During the past several decades, improvements in health worldwide, with the exception of populations in sub-Saharan Africa, have led to substantial increases in life expectancy at birth.(2) A child born in China, Vietnam, Latin America, or Bangladesh today can expect to live almost as long as a child born in the United States but to incur only a small fraction of the medical care costs. With this opportunity to live into middle age and beyond, they confront not only the burden of disease from infections but the full spectrum of the NCDs that affect everyone in the United States - cardiovascular disease, stroke, cancer, obesity, diabetes, mental illness, addictions, and more. As the United States struggles to address these problems, some novel solutions may be found abroad. For these diseases, there are no simple solutions, "eradication programs," or massive global investments.
This is exactly the time when the United States needs to partner globally - for good ideas, outstanding investigators, unique populations, and extraordinary opportunities to speed discoveries. The many new drugs and devices in the pipeline for diseases shared worldwide will need to be tested where these conditions are most prevalent, where investigators are equally concerned, and where the infrastructure for research is well established. The sooner essential studies are conducted, the sooner all will benefit from the cures.
No single country has the resources required to address these common problems adequately on its own. All will require research to determine what works, what does not work, and what would be most affordable. Although the United States has the highest health care costs in the world, life expectancy in the United States is only marginally longer than that in many low- and middle-income countries like China and Vietnam. Are there lessons in assessing the evidence for practice in terms of overscreening, overdiagnosing, and overtreating some diseases? Could comparative studies in global health delivery provide new evidence that could prolong a rich and healthy life at lower cost? It is likely that the lessons learned from studying the diagnosis and treatment of NCDs in low- and middle-income countries will be different than the lessons learned from studying infectious diseases and likely more difficult to implement in the United States because of differences in how health care is delivered.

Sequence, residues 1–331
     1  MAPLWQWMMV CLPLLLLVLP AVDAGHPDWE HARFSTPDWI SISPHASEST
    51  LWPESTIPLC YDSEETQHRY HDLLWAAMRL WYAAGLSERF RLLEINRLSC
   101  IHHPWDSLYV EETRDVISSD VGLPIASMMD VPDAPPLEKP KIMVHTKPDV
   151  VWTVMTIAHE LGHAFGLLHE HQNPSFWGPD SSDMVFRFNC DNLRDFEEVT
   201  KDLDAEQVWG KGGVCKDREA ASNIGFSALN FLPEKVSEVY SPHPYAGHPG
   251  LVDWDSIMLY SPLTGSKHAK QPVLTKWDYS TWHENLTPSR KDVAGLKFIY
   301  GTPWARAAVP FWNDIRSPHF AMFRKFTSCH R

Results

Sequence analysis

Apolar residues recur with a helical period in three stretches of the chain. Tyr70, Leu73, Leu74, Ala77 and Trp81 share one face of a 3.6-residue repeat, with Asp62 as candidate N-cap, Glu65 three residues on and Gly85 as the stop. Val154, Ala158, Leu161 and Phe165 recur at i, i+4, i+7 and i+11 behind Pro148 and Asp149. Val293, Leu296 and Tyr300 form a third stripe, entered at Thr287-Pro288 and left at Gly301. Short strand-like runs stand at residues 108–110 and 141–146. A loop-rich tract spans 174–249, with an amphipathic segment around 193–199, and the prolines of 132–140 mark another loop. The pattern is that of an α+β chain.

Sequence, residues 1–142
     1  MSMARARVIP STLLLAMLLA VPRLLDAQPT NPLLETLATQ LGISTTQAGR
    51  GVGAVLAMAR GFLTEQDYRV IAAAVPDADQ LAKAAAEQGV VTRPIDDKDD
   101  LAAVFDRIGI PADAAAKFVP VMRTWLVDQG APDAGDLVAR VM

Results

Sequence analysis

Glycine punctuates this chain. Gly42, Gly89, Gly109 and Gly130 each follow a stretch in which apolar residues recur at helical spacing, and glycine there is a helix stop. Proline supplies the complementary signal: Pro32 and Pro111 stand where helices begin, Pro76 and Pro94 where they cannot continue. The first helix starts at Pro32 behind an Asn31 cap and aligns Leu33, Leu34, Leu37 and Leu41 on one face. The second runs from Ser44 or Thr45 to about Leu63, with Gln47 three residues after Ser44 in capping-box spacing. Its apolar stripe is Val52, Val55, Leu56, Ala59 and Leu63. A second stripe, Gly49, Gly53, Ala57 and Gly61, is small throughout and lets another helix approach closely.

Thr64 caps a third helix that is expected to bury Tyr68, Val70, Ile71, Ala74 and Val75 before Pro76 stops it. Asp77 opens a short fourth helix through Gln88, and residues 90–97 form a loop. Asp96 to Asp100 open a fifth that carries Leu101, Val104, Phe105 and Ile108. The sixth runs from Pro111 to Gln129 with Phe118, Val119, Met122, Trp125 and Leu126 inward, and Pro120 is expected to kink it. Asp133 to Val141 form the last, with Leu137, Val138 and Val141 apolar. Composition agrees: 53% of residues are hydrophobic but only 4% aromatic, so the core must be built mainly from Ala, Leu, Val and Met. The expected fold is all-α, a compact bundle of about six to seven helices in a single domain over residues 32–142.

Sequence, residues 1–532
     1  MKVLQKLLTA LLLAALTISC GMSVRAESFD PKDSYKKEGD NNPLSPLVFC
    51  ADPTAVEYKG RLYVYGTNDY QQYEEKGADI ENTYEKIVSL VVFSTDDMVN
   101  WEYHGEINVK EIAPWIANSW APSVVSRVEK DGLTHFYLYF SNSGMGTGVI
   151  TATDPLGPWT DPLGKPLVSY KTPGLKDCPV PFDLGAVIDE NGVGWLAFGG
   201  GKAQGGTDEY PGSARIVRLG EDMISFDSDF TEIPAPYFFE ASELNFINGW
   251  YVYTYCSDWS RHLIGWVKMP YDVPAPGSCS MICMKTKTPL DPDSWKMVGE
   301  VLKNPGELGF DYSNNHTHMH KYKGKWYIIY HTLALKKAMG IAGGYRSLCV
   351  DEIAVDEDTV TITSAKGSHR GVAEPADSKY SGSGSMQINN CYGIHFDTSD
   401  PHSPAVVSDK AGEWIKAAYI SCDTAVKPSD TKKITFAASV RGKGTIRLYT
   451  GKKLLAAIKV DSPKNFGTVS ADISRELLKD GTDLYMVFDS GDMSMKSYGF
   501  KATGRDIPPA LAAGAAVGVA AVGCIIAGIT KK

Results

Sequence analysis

Many interventions tried in resource-poor communities might provide lessons to improve the health of all US residents. The use of cell phones in Kenya and Haiti to access rural populations, ensure that patients take their medicine, and avoid the stigma of some follow-up treatments have been used in difficult-to-access populations in the United States as well.(3,4) Campaigns to perform safe and effective cataract surgery by the tens of thousands at low cost in India and to repair cleft palates economically offer the prospect of simplifying access to care. The low-cost yet effective solutions to problems abroad might well be applied to address some health care needs in the United States.